Whisky Magazine Issue 77
This article is 5 years old and some information provided may be time sensitive. Please check all details of events, tours, opening times and other information before travelling or making arrangements.
Copyright Whisky Magazine © 1999-2014. All rights reserved. To use or reproduce part or all of this article please contact us for details of how you can do so legally.
Gavin D Smith investigates Jameson's old rival
When Irish whiskey was at the height of its popularity during the Victorian era,Dublin was the powerhouse of the Irish distilling industry. It was home to six distilleries, including John Jameson & Sons'operation in Bow Street and the John's Lane distillery of its great rival, James Power & Son.
Power's had its origins in a small-scale distilling operation at James Power's inn on Thomas Street in the Irish capital from around 1796, and at the turn of the century his son, John, joined the business, which subsequently became James Power & Son.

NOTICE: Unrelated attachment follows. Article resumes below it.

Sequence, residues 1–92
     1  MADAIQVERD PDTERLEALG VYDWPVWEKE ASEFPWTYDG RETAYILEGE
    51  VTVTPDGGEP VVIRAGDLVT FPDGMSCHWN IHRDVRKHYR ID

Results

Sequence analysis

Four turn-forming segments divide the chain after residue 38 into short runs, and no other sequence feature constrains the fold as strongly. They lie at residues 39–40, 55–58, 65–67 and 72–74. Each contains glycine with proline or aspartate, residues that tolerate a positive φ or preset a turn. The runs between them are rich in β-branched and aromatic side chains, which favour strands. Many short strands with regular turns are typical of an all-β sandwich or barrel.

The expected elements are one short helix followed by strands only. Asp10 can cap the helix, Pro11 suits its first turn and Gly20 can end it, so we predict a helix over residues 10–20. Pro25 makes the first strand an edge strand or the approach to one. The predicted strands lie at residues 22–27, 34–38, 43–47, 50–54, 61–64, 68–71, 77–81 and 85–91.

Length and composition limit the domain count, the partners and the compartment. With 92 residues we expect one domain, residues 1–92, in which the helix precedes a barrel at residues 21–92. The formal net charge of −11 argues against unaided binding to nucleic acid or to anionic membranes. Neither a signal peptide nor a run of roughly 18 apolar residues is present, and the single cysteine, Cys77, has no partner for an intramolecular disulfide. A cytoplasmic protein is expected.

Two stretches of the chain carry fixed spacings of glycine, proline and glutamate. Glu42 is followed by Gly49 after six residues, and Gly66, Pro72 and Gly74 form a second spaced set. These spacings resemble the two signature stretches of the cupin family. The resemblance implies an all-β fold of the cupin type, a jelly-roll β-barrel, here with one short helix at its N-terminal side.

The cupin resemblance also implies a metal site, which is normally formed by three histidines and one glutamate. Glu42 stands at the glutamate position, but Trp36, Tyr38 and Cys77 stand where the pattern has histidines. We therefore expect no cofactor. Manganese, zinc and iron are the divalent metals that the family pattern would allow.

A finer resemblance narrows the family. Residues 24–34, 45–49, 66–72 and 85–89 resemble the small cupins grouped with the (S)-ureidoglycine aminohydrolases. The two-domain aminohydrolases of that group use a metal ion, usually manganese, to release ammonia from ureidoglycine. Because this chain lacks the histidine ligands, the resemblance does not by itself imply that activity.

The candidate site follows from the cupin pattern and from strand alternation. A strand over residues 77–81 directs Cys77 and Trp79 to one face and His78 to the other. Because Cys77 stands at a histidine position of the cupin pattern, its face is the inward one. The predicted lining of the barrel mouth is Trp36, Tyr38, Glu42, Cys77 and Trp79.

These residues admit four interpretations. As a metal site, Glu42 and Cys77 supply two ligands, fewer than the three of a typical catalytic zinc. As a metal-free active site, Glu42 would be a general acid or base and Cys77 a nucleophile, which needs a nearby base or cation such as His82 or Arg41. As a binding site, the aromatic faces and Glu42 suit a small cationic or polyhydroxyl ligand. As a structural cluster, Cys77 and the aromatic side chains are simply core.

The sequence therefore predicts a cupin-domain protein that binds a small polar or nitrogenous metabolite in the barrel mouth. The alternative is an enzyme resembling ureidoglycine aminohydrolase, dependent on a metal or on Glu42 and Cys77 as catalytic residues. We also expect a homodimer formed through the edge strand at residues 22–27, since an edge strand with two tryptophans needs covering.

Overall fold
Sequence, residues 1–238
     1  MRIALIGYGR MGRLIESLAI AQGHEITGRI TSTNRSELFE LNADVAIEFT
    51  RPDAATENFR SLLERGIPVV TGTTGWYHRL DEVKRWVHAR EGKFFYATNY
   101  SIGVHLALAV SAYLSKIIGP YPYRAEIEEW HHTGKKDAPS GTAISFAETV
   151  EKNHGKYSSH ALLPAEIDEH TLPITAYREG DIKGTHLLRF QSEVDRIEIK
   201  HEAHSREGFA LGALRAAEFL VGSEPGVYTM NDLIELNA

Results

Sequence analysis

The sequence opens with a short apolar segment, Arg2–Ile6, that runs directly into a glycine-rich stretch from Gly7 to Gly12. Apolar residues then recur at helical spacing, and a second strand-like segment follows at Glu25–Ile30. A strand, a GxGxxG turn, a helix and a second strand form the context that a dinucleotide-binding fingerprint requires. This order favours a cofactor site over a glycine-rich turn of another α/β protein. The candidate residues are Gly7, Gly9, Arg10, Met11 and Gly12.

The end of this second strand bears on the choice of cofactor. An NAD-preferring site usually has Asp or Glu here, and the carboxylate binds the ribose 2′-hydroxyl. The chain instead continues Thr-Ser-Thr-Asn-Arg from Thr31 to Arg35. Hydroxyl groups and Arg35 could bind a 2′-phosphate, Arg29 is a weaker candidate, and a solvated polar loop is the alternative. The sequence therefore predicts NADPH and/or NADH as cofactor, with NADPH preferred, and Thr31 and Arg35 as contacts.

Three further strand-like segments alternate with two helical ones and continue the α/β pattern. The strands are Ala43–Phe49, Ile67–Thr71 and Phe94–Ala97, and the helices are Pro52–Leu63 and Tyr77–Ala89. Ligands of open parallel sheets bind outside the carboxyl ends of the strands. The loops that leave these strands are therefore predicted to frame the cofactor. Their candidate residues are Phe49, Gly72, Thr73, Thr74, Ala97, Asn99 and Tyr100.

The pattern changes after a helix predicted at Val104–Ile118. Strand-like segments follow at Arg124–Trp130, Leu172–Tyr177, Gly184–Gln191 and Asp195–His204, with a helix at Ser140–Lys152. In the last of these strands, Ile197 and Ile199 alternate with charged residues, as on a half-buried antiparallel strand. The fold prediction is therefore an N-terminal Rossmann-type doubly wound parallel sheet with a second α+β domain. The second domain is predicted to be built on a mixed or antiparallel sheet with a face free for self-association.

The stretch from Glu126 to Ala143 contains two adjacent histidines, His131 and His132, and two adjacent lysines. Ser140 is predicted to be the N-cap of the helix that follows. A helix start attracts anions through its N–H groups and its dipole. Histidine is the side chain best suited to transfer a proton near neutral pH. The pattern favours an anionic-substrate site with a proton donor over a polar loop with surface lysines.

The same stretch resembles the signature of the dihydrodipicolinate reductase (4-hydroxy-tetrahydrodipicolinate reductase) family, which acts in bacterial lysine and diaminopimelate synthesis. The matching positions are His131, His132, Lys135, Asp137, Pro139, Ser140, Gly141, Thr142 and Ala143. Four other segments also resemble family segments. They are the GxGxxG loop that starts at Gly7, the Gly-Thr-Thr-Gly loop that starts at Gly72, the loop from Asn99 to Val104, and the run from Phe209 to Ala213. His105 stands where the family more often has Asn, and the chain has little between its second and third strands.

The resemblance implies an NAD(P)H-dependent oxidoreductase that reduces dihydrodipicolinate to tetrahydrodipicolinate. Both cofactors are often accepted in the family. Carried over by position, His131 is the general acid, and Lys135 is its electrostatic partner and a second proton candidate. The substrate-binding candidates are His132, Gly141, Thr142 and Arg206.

The scale of the distilling venture grew from its modest beginnings, and by 1822 the company was listed as trading from John's Lane, which branches off Thomas Street, with three stills in situ.
The distillery expanded significantly in the wake of the 1823 Excise Act, producing 300,000 gallons of whiskey in 1833 and 700,000 gallons after a rebuilding programme in 1871 which created classic Victorian-style premises.By the mid-1880s output had risen to 900,000 gallons and some 300 people were employed on the seven-acre site.
In 1866 Power's became one of the first companies to bottle its whiskey rather than sell it by the cask,and was also the earliest distiller to produce miniature bottles.
‘Baby Power's' as it was nicknamed proved very popular, and there is an apocryphal story that the ‘three swallows'emblem on the Power's neck label came about because a ‘Baby Power's'contained three swallows of whiskey!
When the indefatigable ...